x Abu Dhabi, UAEFriday 28 July 2017

Thanksgiving hopes high for US Web retailers

As Americans sit down to platefuls of roast turkey today, online retailers in the US are hoping for a holiday treat to rival the $37.2bn gift they got last year.

As Thanksgiving celebrations get under way today, stores are anxious to boost sales

As Americans sit down to platefuls of roast turkey today, online retailers in the United States are hoping for a Thanksgiving holiday treat to rival the US$37.2 billion (Dh136.64bn) gift they got last year.

E-commerce is expected to grow strongly this holiday season, spurred by early online deals, the rise of mobile devices and more offers of free shipping, retailers say.

"It's still early but our sense is that we will have a really positive holiday season," Joel Anderson, the head of Walmart.com, the online business of Wal-Mart Stores, said yesterday.

ComScore said it expected online sales to grow by 15 to 18 per cent in the US this holiday season. Last year, holiday e-commerce spending rose 15 per cent to a record $37.2bn, according to the firm.

Doug Anmuth, an analyst at JPMorgan, said he expected online purchases in the fourth quarter to top 10 per cent of total US retail spending for the first time.

Wal-Mart forecasts 600 million online visitors during its holiday quarter, which runs from November through January.

That is up 13 per cent from the same period last year, according to Mr Anderson.

"We're still on forecasts and off to a good start," he added.

Thanksgiving and the days following, which include what is traditionally the busiest online shopping day, Cyber Monday, are more important this year as retailers lure consumers with earlier promotions.

Cyber Monday online spending is forecast to jump 30 per cent this year, versus growth of 22 per cent last year, according to ComScore data.

Last year, Cyber Monday was the busiest online shopping day, with $1.25bn in sales, it said.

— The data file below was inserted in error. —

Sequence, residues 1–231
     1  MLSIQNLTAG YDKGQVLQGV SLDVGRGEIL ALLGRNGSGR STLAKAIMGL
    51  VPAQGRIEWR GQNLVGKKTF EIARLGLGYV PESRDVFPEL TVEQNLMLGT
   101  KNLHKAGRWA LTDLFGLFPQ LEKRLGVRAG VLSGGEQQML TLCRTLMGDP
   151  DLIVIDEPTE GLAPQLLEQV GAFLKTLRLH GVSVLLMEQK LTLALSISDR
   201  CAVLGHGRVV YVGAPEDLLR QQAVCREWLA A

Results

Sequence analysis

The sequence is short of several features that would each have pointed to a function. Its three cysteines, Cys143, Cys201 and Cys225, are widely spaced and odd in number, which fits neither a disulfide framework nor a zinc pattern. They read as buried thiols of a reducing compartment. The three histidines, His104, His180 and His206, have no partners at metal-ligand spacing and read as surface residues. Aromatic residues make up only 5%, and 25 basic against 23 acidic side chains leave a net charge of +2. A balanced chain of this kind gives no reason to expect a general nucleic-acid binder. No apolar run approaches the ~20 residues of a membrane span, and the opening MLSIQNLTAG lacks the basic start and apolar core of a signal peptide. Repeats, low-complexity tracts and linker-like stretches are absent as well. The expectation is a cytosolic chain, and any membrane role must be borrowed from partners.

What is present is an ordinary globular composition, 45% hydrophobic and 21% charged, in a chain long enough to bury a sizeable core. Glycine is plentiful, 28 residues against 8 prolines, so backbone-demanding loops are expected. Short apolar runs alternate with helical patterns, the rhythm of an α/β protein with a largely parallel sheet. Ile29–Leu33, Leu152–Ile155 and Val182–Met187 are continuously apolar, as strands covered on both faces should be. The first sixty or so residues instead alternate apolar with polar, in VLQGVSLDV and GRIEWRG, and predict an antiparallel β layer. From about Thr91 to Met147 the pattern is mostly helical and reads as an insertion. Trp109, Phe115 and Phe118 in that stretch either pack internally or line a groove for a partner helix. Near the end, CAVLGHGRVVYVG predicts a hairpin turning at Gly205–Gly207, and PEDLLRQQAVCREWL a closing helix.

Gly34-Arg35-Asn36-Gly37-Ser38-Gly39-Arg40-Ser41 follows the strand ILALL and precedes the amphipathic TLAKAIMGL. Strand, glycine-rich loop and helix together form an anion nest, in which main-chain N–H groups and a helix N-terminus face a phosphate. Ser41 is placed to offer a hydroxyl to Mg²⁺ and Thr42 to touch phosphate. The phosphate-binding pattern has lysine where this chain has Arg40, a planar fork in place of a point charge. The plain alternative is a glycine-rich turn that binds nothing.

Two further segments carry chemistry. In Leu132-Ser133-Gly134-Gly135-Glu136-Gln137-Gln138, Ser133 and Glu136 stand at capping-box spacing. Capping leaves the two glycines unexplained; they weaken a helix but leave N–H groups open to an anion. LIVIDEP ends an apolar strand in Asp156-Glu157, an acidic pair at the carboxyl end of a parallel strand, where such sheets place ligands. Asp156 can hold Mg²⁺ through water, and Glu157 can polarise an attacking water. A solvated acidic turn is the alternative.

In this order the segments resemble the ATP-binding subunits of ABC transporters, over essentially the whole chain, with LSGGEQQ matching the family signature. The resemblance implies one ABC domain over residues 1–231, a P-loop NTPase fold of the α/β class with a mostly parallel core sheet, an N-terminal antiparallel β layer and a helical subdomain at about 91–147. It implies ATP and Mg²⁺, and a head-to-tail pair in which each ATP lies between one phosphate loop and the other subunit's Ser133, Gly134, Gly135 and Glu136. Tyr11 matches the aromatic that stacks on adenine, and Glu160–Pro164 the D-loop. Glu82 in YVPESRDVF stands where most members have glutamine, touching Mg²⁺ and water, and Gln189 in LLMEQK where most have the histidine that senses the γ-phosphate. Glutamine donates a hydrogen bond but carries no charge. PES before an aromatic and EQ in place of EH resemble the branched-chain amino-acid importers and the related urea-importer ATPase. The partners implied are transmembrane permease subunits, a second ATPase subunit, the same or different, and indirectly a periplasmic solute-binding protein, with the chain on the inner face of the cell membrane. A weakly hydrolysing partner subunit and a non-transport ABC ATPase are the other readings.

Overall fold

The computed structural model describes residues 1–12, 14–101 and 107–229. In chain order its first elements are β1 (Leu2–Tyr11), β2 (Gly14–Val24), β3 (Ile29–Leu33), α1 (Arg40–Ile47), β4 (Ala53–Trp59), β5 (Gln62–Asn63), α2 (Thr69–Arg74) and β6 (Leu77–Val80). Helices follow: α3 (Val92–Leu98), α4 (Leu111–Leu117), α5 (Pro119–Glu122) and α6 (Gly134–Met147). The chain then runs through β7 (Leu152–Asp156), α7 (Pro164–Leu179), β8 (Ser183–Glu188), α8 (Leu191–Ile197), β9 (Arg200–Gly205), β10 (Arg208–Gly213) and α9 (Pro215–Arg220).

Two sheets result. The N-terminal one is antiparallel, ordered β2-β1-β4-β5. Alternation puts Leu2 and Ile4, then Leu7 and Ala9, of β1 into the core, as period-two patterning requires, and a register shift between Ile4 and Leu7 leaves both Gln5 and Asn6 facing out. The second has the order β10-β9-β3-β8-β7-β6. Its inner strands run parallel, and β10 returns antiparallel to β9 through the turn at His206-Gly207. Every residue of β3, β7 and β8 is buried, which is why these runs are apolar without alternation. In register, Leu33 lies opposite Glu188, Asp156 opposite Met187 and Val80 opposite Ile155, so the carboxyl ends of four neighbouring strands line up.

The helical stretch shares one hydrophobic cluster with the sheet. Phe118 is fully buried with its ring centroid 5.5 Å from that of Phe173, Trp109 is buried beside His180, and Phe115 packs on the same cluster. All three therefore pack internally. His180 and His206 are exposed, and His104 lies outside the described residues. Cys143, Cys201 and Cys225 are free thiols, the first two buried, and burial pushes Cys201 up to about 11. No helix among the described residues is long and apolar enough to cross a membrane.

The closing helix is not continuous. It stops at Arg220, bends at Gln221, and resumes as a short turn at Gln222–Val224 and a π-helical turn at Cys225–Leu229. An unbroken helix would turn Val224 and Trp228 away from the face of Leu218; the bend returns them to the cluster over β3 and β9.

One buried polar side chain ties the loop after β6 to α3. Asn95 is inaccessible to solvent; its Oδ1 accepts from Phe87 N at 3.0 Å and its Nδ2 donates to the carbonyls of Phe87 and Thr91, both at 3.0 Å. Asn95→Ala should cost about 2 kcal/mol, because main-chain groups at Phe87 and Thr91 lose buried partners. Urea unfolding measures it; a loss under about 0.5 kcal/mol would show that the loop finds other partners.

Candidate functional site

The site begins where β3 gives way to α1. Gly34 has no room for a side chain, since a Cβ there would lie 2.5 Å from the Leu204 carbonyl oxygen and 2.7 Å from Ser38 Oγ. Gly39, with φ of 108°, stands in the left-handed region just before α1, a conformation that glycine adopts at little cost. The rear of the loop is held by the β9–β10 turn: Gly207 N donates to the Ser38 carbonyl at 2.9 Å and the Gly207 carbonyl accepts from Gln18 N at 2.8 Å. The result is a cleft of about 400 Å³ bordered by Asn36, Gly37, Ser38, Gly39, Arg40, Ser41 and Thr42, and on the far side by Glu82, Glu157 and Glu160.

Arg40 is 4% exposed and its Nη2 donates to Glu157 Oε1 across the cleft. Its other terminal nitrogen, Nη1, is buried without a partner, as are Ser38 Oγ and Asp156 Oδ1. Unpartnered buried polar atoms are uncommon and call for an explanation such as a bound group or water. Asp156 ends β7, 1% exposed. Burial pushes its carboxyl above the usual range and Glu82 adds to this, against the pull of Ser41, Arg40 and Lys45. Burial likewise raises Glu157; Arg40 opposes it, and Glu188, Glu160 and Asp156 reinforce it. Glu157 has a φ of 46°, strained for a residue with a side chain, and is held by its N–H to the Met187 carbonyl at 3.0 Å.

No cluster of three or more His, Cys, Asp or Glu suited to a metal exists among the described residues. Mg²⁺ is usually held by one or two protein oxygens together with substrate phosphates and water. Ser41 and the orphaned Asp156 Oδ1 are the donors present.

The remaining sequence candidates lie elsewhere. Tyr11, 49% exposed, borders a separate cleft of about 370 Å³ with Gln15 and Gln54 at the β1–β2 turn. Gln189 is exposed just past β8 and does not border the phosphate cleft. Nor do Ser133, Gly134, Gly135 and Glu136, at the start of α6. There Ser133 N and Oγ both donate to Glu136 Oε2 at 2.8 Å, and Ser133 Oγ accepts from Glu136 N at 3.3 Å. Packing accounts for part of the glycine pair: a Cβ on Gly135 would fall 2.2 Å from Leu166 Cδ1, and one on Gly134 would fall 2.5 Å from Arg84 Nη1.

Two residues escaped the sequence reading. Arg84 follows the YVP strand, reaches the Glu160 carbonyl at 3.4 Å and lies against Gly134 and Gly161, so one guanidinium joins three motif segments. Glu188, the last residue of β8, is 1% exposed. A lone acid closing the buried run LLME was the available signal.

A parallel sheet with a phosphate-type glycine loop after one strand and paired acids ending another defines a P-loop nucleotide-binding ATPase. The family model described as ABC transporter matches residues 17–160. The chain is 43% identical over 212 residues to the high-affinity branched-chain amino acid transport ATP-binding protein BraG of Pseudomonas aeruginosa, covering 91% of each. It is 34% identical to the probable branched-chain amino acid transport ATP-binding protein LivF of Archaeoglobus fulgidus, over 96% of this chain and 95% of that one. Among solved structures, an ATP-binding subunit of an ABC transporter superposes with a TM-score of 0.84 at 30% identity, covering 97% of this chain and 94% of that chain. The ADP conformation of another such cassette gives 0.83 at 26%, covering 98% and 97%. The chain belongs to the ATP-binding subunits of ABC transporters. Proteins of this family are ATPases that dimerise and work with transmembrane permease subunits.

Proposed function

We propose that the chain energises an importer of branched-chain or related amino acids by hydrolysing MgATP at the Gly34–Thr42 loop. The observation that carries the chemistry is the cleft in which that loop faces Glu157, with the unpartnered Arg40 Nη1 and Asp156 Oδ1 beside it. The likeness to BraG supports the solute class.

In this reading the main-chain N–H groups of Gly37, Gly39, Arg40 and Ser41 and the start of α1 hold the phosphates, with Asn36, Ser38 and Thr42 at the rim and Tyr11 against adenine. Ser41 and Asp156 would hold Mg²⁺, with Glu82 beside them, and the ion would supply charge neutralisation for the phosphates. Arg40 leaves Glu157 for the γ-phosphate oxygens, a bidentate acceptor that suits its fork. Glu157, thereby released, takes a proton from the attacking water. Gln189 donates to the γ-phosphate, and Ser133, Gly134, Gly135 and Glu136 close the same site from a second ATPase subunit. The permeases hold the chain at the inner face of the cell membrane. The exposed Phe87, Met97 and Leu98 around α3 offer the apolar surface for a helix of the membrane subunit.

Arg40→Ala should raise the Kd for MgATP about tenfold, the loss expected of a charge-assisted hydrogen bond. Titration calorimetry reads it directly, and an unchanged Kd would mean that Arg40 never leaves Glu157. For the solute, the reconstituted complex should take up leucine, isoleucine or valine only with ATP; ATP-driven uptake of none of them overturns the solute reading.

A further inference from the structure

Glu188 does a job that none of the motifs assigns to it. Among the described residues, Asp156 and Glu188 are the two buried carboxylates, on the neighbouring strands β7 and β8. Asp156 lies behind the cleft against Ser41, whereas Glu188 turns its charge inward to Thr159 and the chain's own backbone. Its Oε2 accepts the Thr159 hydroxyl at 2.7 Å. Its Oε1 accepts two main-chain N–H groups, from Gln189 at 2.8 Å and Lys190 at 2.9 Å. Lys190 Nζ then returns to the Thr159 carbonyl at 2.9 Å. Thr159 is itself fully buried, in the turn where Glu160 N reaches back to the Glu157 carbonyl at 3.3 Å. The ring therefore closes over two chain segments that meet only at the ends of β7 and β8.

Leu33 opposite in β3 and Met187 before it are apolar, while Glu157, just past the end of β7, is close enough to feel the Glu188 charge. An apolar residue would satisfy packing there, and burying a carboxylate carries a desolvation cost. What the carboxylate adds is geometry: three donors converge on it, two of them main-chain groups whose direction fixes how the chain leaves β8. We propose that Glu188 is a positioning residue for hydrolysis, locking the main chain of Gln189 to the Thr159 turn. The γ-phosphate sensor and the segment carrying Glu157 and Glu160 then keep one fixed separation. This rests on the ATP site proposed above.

Retailers are offering more free shipping for online purchases. Between 50 per cent and 60 per cent of online transactions this holiday will come with free shipping, said Shawn Milne, an analyst at Janney Capital Markets.

Retailers across the board will find out this weekend if concern over the so-called fiscal cliff and possible tax increases has subdued shoppers' sentiment.

The National Retail Federation (NRF) predicted holiday sales would rise 4.1 per cent to an estimated $586.1bn this year, compared with a 5.6 per cent gain last year. Some 147 million consumers, or 5 million fewer than last year, plan to hit the malls this weekend, according to an NRF survey conducted by BIGresearch.

"We hear these guys on cable television with eerie music, talking about doom and gloom," Mortimer Singer, the chief executive of the consulting firm Marvin Traub Associates, said yesterday.

"Consumers get nervous when this kind of stuff happens."

But retailers will benefit from the maximum number of days possible - 32 - between Thanksgiving and Christmas this year, said Roseanne McCauley, the vice president of the Americas for Experian FootFall, which tracks traffic and other data for retailers.

"People have two more paycheques coming in before the end of the month," she said.

Adding a sales day from Thanksgiving "is going to absolutely increase volume" for retailers, enabling them to stick to their planned schedule of markdowns, Ms McCauley said.

But while Americans tuck into their celebratory dinners today, it may be prudent for them to think about freezing the leftovers.

Food prices are expected to rise next year, sparked by the country's worst drought in more than half a century.

The dry conditions sent corn futures to a record and wheat prices to the highest in four years .

Next year, retail poultry prices are projected to increase as much as 4 per cent, the US department of agriculture said.

Christopher Hurt, a livestock economist at Purdue University in Indiana, said the effects of the prolonged dry period were yet to be fully felt.

"We haven't seen the full adjustment from the drought yet.

"That takes time"

* compiled from Bloomberg News, Reuters and AFP